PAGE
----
Description of concepts, data, and measurement:
My independent variable was measuring the idea of people who receive state aid for unemployment as an essential or non-essential condition for living in a democratic state. However I needed a definition for autocratic states and democratic states. I used data from the non-governmental organization Freedom House whose data denotes countries as “free” and “not free”. I used this designation to find autocratic states and democratic states and create a dummy variable that will help to discern from the other. The new variable codes democratic states as “free” states and has a numeric value of 1. Autocratic states are coded as “not free” states and have a numeric value of 0. My dependent variable that is being tested is which country the respondent is living in at the time of their responses. My null hypothesis will help to determine if there is or is not a relationship between receiving state aid for unemployment and that being a condition of living in a democratic state.
This recoding of data was a part of my larger data set that came from the World Value Survey. The World Value Survey studies the changes in values and their impact on social and political life around the globe. This is where the question about receiving state aid for unemployment as a characteristic of democracy and the data that was surveyed came from. The question is scaled from 1 to 10 with 1 “being a not essential characteristic of a Democracy” and 10 being “an essential characteristic of Democracy”. This data is useful because it has a larger response population that allows for greater accuracy rather than one respondent from one country and analyzing based off of that.
Presentation of analysis and results:
In order to get results from this data I ran a comparative means Independent-Samples T Test to see if there was any significance between respondents in Autocratic and Democratic countries and receiving unemployment aid as "essential" or "non-essential" to living in a Democratic state. In the “independent samples test” chart in the column sig. (2- tailed), the results are .010 and .009. What this means is that if looking at a normal distribution chart at the ends of each side, or tail, the confidence level or either tail falls within .025 threshold for any significance to reject the null hypothesis. Another figure of importance on this chart is the column of significance, of sig., the p-value of this test is .001. Which means that the threshold for statistical significance of .05 has been met and there is a 99% confidence interval to reject the null hypothesis.
The “Group Statistics” chart is important because it puts into perspective the Error Bar visual graph. The dependent variable on the x-axis is the democratic or non-democratic state respondents live in. The y-axis is the independent variable looking at state unemployment aid as a characteristic of a democracy. The Error Bar visualizes the error or uncertainty based off of the variables ran in the T Test. The length of the Error Bars, or lack thereof, reveals the uncertainty of the data point. These short bars show that the values are concentrated and reliable. However, when looking at the “Group Statistics” chart the number of respondents (N) is roughly 96,000 and difference in mean from “free” and “not free” states is .05 which means that the averages for both sides are not as large as the numerical values would have us believe. There is no overlap between “free” and “not free” Error Bars which is slight but still present still giving some statistical significance to the tests ran.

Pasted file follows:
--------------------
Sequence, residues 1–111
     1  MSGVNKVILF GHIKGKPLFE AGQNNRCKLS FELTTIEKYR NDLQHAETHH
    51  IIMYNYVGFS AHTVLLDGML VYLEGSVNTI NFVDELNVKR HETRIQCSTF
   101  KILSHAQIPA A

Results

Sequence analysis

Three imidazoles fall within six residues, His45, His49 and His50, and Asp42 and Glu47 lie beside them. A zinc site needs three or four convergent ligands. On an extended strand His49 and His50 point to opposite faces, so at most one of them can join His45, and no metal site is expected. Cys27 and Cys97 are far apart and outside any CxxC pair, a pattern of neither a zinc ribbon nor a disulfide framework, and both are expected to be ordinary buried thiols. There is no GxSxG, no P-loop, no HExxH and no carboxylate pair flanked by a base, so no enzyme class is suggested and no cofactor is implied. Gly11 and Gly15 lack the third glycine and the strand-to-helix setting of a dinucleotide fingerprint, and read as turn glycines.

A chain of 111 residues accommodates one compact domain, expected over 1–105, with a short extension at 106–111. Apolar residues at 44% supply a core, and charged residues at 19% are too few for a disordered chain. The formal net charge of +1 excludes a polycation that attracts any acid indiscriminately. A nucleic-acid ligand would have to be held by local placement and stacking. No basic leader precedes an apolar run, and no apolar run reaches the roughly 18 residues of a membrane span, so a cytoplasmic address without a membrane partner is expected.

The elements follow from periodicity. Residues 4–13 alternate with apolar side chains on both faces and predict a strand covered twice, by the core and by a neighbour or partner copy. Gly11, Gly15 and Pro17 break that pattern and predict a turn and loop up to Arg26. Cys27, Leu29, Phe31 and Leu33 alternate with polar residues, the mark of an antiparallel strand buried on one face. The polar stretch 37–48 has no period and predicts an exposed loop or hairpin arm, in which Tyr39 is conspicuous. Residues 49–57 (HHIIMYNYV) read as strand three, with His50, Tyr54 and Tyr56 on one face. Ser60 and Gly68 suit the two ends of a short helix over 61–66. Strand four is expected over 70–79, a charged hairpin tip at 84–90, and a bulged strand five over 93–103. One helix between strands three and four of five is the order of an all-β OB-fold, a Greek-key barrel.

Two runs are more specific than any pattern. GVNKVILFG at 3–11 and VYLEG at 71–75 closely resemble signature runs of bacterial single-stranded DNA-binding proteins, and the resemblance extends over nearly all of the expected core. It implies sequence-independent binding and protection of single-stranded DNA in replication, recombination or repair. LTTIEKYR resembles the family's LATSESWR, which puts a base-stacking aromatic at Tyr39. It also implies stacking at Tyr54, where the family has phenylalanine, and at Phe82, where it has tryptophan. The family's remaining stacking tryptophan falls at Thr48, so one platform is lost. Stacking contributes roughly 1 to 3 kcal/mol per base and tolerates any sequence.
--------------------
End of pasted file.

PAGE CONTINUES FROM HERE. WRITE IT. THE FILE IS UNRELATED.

Overall the T Tests and the Error Bar graph give us confidence to reject the null hypothesis and that receiving state aid for unemployment is a necessary condition to be living in a democratic state. This study correlates to democratic efficacy because that data shows that Democracies have a this leg up when it comes to state sponsored aid how that is an essential characteristic of Democracy.
 Sergio Espuelas, "Are Dictatorships Less Redistributive? A Comparative Analysis of Social Spending in Europe, 1950-1980." European Review of Economic History 16, no. 2 (2012): 211-32. www.jstor.org/stable/41708657.
 Youngho Cho, "To Know Democracy Is to Love It: A Cross-National Analysis of Democratic Understanding and Political Support for Democracy." Political Research Quarterly 67, no. 3 (2014): 478-88. www.jstor.org/stable/24371886.
 “Freedom in the World 2018: Democracy in Crisis”, accessed Nov. 19, 2019, https://freedomhouse.org/.
 World Value Survey “Who We Are,” accessed Nov. 22, 2019, http://www.worldvaluessurvey.org/wvs.jsp
By Katherine Potter
Hypothesis and Motivation:
Environmental and economic agendas within the United States express great potential for congruency and mutual benefit; however, a common misconception exists positing that only one may prevail over the other. Understanding environmental attitudes within the US, especially how they are impacted by desire for economic growth, is crucial for gauging the efficacy of democracy.
This research will operate with the following parameters:
Hypothesis: The United States will express greater value of economic growth and less for the environment when compared to other states.
Null Hypothesis: There is no correlation between a specific country and citizen value of either environmental protection or economic growth.
IV: Environmental protection vs economic growth as prioritized value.
DV: The country these values are measured in (US vs all other countries).
Causal Mechanism: Efficacy of democracy or a given country contributes to stronger valuation of environmental protection.